Call it a barn-raising, millennial style.
Students from Southern Oregon University professor Pavlina McGrady’s Culinary Tourism in the Rogue Valley class are trading their iPads and notebooks for aprons and carving knives today, Oct. 28, to host a dinner and silent auction at a local winery to benefit the school’s organic agricultural and learning center known as "The Farm."
According to SOU’s director of business, communication and the environment, Greg Jones, The Farm’s 25-foot by 28-foot barn, which is “falling down and in the wrong place,” must be relocated to make room for a pavilion/learning space scheduled to go up next month. A groundbreaking for the pavilion, which will have a footprint close to 4,000 square feet, will probably be held in early November, but the new barn won’t be built until next spring.
The plan is for the barn — which is more of a shed — to be built by students, so it’s only fitting that students are handling most of the fundraising. Today’s dinner, dubbed “Feast for the Farm,” will serve as a benefit for the barn relocation. The Farm is off Walker Avenue, across the street from Ashland Middle School.
“For me, it’s really kind of a win-win in multiple ways,” Jones said. “Students design The Farm and run The Farm, and now another group of students are helping to raise money for The Farm. And then the money that will be raised will help other students build something that will be lasting on The Farm.”
The dinner will be held from 6 to 9 p.m. at EdenVale Winery in Medford, where attendees are paying $60 per person or $100 per couple. The meal itself may be worth the cost. An award-winning chef from Finland, Jukka Moilanen, will team up with the students to prepare a three-course meal using mostly locally sourced ingredients, and a local folk band, “Savannah,” will be performing. The silent auction will include items donated from local businesses.
“I think we’ll have probably 60 people there,” Jones said. “We also have a very robust silent auction, and we’re hoping between the two that we can raise maybe $4,000 to $6,000, and have that be at least a fairly substantial piece of the cost of moving the (barn) and rebuilding it.”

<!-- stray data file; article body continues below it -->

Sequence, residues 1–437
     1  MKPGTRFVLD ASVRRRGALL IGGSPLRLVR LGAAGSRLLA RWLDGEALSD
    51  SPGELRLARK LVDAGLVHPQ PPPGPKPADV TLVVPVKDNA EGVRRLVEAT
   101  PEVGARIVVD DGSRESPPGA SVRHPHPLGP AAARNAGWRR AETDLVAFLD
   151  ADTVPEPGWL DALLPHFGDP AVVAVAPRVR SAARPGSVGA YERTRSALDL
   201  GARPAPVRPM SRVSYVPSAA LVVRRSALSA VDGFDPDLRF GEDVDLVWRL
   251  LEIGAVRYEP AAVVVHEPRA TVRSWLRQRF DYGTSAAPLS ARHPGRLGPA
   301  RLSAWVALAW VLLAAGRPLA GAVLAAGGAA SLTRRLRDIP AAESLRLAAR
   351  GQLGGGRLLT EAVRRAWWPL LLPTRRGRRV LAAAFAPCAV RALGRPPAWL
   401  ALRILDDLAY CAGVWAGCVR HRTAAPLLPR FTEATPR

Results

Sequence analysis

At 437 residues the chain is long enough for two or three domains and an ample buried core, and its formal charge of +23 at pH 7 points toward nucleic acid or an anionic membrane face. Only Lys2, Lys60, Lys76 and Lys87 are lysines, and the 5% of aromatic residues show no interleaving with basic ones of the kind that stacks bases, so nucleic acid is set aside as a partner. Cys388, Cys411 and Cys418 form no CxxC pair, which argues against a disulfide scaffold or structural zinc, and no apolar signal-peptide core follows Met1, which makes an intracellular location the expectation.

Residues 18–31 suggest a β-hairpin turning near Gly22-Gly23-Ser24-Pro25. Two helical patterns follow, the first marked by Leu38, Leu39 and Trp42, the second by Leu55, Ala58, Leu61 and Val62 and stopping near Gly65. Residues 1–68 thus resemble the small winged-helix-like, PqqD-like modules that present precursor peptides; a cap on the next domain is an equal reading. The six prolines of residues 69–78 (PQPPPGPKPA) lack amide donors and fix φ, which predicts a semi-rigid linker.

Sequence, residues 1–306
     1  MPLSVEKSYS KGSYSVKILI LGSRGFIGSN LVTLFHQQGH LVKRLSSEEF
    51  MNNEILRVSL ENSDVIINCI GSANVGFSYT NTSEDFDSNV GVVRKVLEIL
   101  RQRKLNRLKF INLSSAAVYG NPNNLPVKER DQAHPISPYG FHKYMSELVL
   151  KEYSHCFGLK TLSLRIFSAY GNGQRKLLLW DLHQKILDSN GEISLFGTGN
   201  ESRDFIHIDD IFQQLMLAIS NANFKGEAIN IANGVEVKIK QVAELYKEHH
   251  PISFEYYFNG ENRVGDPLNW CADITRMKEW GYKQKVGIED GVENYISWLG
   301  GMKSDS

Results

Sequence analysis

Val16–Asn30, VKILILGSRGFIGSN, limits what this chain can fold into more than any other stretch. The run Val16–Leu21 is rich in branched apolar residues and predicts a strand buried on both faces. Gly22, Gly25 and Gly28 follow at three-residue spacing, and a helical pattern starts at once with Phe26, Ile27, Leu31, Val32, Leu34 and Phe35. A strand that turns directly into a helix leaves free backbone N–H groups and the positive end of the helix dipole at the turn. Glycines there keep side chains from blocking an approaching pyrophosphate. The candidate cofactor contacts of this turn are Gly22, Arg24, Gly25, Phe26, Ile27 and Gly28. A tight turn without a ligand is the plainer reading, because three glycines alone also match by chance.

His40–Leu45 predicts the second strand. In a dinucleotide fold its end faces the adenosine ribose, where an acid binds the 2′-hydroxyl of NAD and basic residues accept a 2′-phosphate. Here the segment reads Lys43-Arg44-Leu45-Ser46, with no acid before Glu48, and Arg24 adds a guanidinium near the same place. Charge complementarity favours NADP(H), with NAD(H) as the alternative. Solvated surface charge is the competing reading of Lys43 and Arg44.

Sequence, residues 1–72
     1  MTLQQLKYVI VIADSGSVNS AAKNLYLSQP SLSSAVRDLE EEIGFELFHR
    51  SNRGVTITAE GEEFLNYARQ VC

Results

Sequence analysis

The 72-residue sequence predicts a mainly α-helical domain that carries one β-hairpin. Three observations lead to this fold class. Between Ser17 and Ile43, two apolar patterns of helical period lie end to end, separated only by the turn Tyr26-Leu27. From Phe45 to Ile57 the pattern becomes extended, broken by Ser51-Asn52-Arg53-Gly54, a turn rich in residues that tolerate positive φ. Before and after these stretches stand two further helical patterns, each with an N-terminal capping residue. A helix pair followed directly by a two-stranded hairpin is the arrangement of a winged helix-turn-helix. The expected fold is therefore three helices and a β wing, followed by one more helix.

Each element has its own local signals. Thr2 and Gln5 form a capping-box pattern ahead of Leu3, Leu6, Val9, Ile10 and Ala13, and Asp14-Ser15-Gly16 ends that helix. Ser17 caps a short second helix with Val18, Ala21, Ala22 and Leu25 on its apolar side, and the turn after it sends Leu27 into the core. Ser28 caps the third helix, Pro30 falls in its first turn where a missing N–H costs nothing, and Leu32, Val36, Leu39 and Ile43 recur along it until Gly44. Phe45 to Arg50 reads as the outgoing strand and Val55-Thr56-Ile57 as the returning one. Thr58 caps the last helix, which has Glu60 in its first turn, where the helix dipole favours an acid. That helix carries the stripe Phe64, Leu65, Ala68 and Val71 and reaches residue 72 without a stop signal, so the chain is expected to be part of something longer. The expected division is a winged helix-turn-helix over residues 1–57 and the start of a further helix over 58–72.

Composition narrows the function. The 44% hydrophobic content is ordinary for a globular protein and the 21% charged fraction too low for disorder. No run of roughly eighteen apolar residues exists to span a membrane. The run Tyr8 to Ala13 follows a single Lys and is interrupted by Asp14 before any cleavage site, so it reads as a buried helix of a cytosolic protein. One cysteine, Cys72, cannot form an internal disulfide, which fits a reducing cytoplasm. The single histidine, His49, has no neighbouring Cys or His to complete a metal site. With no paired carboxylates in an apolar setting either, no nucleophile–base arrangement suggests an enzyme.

McGrady, SOU’s Tourism and Hospitality program coordinator, said her class introduces students to the Rogue Valley’s healthy culinary tourism industry with field trips to local businesses and meetings with their owners.
“So, there’s a two-fold objective to the class,” she said. “To introduce the students to different outlets, different business, and then also event management.”
The students — it’s a class of about 20 students, McGrady said — have immersed themselves into the event management aspect, learning on the fly since their first meeting only five weeks ago. The “Feast for the Farm” will serve as a sort of open book final exam, during which the students will be doing everything from seating customers to serving drinks and preparing the food.
With a background in hospitality, McGrady knows all about event management and, following a brainstorming session with the class, she decided to break the students up into groups of three or four and assign each team a task.
One of those students, senior marketing major Michael Bell, was tasked with coming up with a centerpiece for each of the 16 dinner tables. Leaning on six years of work experience at Flower World Inc., Bell decided to use pumpkins to house a pumpkin floral arrangement which can be composted after the pumpkins begin to rot in two weeks.
“I thought, you can hollow out and carve out the inside of it, you can put a few holes in the bottom and then you can plant your plant arrangements inside of it — kind of a container of various plants,” Bell said.
Bell has been busy putting the arrangements together since Tuesday and was planning on heading to EdenVale early today with the rest of the class to set up. The first few he completed looked worthy of a Better Homes & Gardens cover, but getting there was a challenge. He visited local nurseries and stores and was able to secure donations from Valley View Nursery, Shooting Star Nursery, Ashland Greenhouse and Shop’n Kart, which chipped in 10 pumpkins.
“All of them were very much cooperative right from the get-go,” Bell said. “I told them what it was for and the owners of those nurseries just agreed instantly. I have 16 pumpkins and so many flowers and plants that they donated. I’m hoping not to have any leftovers but I might have leftovers. … They look amazing.”
Besides event planning, the students also had to secure donations for the silent auction. That was mostly handled face-to-face, said Paula Weldon, a senior in SOU’s new Innovation and Leadership program. Weldon, who said she also took a food-handler’s test along with several of her classmates so that she could serve tonight, was apprehensive about asking for donations. After having gone through it, however, she said she had nothing to worry about.
“Marketing’s a little outside of my comfort zone, but I actually enjoyed it,” she said.
Weldon isn’t planning on going into the culinary tourism business anytime soon, but says the class provided her with some valuable networking experience that she can apply to other career paths.
“Just the process,” she said. “You have to work with groups and you have to communicate. I work in the IT field, but our business — we’re bringing together health care professionals — and so those are the types of things that I think lends itself to the business world just by trying to put all this together and work together as a team.”
Joe Zavala is a reporter for the Ashland Daily Tidings. Reach him at 541-821-0829 or email@example.com. Follow him on Twitter at @Joe_Zavala99.